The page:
The definition of methodology in a scientific research stablishes exactly the steps and procedures that the researcher will use, as well as it communicates the type of research that he will develop in the investigation.

Faced with this preposition, this paper aims to present paths that can be traversed when the researcher defines as the method to be used in his research the Grounded Theory (GT), originally known as grounded theory of data, developed by the classic authors Glaser and Strauss (1967). One of the most recent perspectives of this theory is the following: Charmaz's studies (2009) bringing "[...] another perspective to the dialogue on procedures. Through these different interpretations, grounded theory has gained popularity in such fields as [...] education" (Creswell, 2014, p.77). Thus, the approach investigated by Clarke (2005) and by studies by Creswell (2014) is not the subject of investigation in this study.

The data presented here are syntheses of a research funded by the National Council for Scientific and Technological Development (CNPq), carried out in the Educational Paradigms and Teacher Education - PEOPH group, in the Graduate Program in Education. This study is justified by the opportunity to present the systematized steps of the used methodology, which can be used in educational research, providing theoretical and practical foundation for its design and consolidation.

The text is organized in a structured way describing and presenting resources for the methodological construction of the method and its fundamental characteristics.

Methodological Path

Due to its objective, this research has an exploratory character; representing and characterizing analytically the facts and phenomena, by allowing the researcher an approximate and general view of the object to be investigated. Consequently, it favors the formulation of problems or the gathering of hypotheses of subjects not investigated much (Gil, 2008), as is the theme of this research, which seeks to produce knowledge to instigate reflections and discussions about the GT steps and the possible applications of research in education.

Methodological Reference: Charmaz's GT

The researcher, when he begins his research, he seeks a path that can be traced in order to structure the actions and thoughts necessary to understand relationships and connections, as well as to understand and interpret meanings and perceptions of the researched interlocutors.

GT has two perspectives, and it is presented here with Charmaz (2009) theoretical constructivist basis, a qualitative approach developed initially by Glaser and Strauss (1967) and Glaser (1978) and extended by Corbin and Strauss (1990). This methodology captures the diversity of facts, data, information, experiences of reality, beyond the multidimensionality and multi-causality of the phenomena. In addition, it fills possible gaps that may arise between theory and empirical research, as it proposes a set of principles and basic practices/guidelines, such as coding, memo writing and sampling, guiding the researcher in the steps of the research process1, as well as the way to be traveled for the discovery of the theory.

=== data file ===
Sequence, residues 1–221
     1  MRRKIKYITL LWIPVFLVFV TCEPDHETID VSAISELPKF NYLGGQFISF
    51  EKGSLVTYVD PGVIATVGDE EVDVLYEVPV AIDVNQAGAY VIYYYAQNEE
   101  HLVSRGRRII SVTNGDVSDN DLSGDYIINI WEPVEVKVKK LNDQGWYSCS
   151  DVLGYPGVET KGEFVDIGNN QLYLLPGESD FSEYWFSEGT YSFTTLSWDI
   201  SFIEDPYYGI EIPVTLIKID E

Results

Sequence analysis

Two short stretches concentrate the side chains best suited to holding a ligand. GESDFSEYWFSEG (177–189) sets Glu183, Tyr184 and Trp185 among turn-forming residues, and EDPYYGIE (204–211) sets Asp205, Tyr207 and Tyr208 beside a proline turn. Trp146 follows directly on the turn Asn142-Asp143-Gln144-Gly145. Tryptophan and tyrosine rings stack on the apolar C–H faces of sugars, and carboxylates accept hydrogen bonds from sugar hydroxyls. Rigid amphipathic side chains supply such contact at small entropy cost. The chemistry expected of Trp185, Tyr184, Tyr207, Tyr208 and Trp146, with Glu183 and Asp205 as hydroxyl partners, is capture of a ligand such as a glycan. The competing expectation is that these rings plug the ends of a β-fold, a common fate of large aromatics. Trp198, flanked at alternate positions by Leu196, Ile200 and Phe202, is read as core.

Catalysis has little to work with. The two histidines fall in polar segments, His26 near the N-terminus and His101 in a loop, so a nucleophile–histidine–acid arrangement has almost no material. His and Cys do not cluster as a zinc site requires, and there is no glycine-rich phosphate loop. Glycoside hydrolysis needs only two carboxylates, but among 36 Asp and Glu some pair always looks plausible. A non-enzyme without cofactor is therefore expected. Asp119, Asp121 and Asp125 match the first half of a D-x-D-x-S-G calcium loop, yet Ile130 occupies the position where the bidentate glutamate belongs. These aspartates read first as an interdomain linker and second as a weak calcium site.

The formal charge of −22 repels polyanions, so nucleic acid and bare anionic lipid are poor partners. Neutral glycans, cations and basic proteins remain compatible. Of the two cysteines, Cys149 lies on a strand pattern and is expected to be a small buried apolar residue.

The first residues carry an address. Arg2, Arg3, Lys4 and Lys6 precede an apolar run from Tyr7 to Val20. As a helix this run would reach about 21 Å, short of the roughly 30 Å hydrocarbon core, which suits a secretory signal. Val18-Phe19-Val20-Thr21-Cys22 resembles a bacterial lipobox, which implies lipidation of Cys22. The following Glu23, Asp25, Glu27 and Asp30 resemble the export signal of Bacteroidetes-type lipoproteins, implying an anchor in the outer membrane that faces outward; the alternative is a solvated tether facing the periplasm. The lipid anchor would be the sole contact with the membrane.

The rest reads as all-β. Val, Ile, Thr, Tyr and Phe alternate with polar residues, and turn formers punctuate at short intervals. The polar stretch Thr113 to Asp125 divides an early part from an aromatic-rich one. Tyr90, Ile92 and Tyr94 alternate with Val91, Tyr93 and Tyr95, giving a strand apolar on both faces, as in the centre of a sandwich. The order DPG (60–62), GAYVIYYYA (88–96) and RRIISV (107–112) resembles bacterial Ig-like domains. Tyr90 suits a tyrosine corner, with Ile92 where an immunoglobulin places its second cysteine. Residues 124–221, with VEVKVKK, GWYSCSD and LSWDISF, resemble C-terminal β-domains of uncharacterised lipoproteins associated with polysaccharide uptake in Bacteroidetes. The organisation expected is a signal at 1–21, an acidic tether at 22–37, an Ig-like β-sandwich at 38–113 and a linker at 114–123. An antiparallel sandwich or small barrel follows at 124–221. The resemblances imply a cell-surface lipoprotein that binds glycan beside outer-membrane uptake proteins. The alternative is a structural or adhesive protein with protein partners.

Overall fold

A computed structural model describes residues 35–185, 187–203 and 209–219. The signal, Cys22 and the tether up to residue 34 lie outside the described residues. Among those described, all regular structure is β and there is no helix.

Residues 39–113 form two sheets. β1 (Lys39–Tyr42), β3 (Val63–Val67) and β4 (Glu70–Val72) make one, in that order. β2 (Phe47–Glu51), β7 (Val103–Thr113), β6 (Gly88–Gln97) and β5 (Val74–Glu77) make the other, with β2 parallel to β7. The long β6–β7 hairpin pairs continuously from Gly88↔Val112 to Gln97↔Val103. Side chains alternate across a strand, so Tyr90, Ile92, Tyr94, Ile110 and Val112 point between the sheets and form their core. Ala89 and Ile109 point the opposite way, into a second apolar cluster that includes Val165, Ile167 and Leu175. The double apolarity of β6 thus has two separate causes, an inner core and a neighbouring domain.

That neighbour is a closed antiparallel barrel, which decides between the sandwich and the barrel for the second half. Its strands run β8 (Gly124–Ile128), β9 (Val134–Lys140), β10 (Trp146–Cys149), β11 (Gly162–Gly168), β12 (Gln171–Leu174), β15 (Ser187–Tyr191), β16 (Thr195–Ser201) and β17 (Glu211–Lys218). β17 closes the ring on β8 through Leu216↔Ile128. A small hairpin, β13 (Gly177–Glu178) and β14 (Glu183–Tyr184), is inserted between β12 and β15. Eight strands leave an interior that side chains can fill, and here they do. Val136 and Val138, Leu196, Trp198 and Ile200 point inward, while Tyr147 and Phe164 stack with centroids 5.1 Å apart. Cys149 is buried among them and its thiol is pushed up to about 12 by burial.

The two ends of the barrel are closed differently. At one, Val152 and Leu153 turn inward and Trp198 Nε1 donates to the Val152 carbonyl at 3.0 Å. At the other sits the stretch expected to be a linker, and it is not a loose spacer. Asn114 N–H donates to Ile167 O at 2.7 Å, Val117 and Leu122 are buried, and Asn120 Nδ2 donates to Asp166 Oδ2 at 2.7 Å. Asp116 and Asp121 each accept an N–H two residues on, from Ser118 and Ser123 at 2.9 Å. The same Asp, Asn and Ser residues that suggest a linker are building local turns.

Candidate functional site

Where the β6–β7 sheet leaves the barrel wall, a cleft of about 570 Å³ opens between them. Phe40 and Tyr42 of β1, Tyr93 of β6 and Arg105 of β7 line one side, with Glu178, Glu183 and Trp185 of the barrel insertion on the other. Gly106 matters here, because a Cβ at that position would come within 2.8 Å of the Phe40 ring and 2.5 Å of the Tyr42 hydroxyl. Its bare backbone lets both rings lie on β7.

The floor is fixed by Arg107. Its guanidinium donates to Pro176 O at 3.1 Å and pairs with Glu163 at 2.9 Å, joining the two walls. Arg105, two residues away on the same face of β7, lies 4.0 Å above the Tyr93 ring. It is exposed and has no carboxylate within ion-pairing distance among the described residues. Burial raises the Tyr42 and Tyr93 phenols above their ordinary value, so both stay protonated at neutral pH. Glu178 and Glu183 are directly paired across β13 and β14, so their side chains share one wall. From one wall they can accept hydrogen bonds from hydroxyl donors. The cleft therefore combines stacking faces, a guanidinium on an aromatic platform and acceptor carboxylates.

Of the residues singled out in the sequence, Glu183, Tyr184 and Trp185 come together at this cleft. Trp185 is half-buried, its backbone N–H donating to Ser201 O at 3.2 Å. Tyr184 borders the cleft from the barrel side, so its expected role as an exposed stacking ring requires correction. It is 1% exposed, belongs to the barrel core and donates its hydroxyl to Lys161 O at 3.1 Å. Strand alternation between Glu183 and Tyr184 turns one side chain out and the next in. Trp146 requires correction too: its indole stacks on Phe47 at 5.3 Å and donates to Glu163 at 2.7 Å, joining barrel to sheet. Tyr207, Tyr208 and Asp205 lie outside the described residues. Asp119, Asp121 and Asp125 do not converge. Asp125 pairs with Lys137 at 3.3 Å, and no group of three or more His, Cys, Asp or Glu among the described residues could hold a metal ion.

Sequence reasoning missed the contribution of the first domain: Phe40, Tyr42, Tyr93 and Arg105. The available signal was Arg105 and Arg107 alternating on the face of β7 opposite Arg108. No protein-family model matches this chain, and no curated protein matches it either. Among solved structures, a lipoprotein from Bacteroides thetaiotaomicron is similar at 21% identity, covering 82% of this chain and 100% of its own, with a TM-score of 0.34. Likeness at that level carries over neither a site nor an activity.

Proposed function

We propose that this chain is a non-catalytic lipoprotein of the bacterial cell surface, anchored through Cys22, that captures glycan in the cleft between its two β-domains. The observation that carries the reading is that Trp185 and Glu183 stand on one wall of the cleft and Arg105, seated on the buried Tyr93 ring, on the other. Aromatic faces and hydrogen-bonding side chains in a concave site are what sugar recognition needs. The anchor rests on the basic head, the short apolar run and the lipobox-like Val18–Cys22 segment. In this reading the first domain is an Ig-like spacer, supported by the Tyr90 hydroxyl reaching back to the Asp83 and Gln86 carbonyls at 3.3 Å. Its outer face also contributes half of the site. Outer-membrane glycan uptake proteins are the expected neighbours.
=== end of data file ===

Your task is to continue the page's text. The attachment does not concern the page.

Methodology, in the constructivist perspective of Charmaz (2009), presupposes the interaction2 between the individuals and the context in which they are inserted using communication to show the reflections occurred in the interactions/actions and identifying how they were developed and re-signified during the research process, to understand how and why participants construct meanings and actions in specific situations. These temporal sequences are not static, "[...] because the present is a result from the past, but it is never exactly the same thing" (Charmaz, 2009, p. 24), as it undergoes local modifications that can influence broader contexts, arising peculiarities that may represent some fluctuation, uncertainty.

Another principle from this method is the simultaneous work of interdependence and circular chaining of all the actions of the research process, favoring knowledge from the data under a new angle and the exploration of ideas about the data, allowing the researcher an analytical direction.

GT is exploratory in nature, making the researcher to be familiar with the problem, since it works directly with the phenomenon to be studied, in order to make it more explicit, to improve ideas and to obtain information for a more complete investigation. For this, it is necessary that the researcher be receptive to the information and the data, besides having a flexible posture.